In this week’s post I share one of my favorite tips — the giving portfolio– for feeling like my feet are on my right path.Years ago in Boston I had the privilege of learning from and being in relationship with a group of New Monastics. (A community of families committed to living in and serving in one of the poorest and most violent areas of the city.) They taught me a lot, primarily through my participation with a small group study focused on the global poor.
The idea was pretty straightforward: we gathered weekly for meals, to engage in spiritual reflection, and to examine where we might make simple changes in our life to free up more resources to share with others.
Some students stopped buying one of their three Starbucks coffees each day and saved that money instead for our group donation.
Others prepared their lunches at home and again saved the difference.
Others has shoes repaired rather than buying a new pair.
I honestly can’t remember what shifts I made at the time… but I do remember how empowered I felt as I brought more intentionality to my spending. This was especially true at the time as my then new husband and I integrated our Peace Corps experiences (we met + married in Nicaragua) into our lives in Boston.
Now spiritual people can go too far here: denying the body and its needs or the pleasures of the material world. So we were careful as a group to invite each other to notice where our spending was bringing a lot of joy. And don’t cut there. For example one of the members of our group would travel across town to a hair salon where she really enjoyed both the styling and the vibe. Though it was a luxury item in her budget, it enabled her to feel relaxed and confident in her own skin. This is totally worth the investment.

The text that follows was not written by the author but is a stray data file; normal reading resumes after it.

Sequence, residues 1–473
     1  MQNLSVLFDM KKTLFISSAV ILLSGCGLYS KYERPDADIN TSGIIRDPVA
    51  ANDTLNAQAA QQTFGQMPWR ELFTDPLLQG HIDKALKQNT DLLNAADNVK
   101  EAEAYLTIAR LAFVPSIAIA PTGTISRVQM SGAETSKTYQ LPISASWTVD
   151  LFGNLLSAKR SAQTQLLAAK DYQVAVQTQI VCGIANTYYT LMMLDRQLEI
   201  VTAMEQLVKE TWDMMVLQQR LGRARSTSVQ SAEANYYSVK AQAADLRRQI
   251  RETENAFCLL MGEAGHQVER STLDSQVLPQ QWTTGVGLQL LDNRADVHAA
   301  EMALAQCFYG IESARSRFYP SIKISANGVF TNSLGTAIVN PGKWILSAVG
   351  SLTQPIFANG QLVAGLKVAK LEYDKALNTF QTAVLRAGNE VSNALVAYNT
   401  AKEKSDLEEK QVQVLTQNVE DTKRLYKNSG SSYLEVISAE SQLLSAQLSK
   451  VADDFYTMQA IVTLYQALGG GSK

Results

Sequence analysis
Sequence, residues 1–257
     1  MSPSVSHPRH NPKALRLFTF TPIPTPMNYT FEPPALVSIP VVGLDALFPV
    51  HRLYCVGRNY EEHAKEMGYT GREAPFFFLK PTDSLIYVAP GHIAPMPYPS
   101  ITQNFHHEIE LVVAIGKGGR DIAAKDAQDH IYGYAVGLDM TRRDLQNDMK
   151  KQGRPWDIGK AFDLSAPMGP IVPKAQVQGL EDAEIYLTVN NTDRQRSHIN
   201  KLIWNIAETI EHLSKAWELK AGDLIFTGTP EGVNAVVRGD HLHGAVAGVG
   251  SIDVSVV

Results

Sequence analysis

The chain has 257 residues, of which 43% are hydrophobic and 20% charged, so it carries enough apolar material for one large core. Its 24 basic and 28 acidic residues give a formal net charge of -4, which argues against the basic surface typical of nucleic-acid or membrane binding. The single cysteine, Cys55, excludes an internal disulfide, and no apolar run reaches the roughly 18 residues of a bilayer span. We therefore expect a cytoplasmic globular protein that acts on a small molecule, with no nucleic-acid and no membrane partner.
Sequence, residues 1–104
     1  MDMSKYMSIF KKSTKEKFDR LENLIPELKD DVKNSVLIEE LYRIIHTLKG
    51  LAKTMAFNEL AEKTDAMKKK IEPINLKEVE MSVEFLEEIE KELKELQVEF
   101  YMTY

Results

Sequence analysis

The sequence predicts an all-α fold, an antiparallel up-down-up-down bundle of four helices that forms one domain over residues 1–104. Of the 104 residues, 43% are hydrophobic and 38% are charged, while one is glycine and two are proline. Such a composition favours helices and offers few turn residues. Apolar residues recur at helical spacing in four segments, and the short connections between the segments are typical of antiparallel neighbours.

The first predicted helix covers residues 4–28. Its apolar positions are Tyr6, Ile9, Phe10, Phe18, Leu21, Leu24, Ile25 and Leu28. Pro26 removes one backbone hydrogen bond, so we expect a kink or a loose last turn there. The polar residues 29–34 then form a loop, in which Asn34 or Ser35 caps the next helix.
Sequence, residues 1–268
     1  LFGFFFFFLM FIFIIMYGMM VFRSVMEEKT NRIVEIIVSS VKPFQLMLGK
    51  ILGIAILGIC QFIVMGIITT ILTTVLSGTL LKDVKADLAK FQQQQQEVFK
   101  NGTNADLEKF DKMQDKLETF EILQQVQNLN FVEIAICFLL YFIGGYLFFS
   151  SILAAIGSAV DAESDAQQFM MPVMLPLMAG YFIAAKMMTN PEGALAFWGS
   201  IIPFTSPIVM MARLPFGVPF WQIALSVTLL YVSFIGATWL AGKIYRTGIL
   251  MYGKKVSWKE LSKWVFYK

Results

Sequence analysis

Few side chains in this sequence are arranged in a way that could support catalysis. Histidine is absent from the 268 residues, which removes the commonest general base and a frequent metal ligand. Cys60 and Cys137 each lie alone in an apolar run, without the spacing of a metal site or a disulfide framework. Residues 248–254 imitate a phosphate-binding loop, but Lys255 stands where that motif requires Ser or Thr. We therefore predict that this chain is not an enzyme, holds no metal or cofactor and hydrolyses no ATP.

It was those places of mindlessness we targeted. Habits which actually didn’t didn’t make us feel that good (like racing out of the house in the morning hungry and in need of caffeine or eating the same takeout everyday for lunch. )
You can tell that I was in grad school at the time and childless so many of our concerns + spending habits related to the pressure cooker of academic life and the social environment of being in your 20s.
Yet I can look at my life today and notice similar moments when I veer off the conscious consumer path (buying plastic bath toys in Target comes to mind.)
Not that there is anything really terrible about that choice, but it doesn’t light me up or make me feel like I am living my best life. Instead it more makes me feel like I’m trying to match some external standard for what my life should look like. (Good moms provide their children with happy floating turtles and the like).
One of the real takeaways for me from this experience is the idea of a giving portfolio. Creating your own giving portfolio is super fun! Here is how to do it:
1) Identify one (or more) mindless spending habit you would like to change. Begin to collect what you save through dropping this habit in a special fund. It can be a cookie jar, note in a notebook, or even a separate savings account.
2) Research Giving Options. Have fun with this! Start a paper file folder and/or one on your computer and tuck info about inspiring organizations into it. Keep any direct mail donation requests which speak to you there as well. Google terms which relate to your passions. Keep your eyes and ears open in the world and on social media. Let your heart and inspiration guide you. Even a small donation given with love can be a powerful practice. Hint: Charity Navigator is a great tool for evaluating nonprofits in terms of financial management + transparency before you give.
3) Create Your Giving Portfolio. Think in terms of balance. Maybe you want to give something local + something global. Or to one organization which provides immediate humanitarian relief and another which works for structural change. Always leave space for random inspiration or giving just because it feels right. (e.g. My two most recent donations were discovered via a promo flyer at a gas station and a radio interview with an author on NPR.) In general I find three charities is a great “portfolio” size– and you can revisit your portfolio at any time.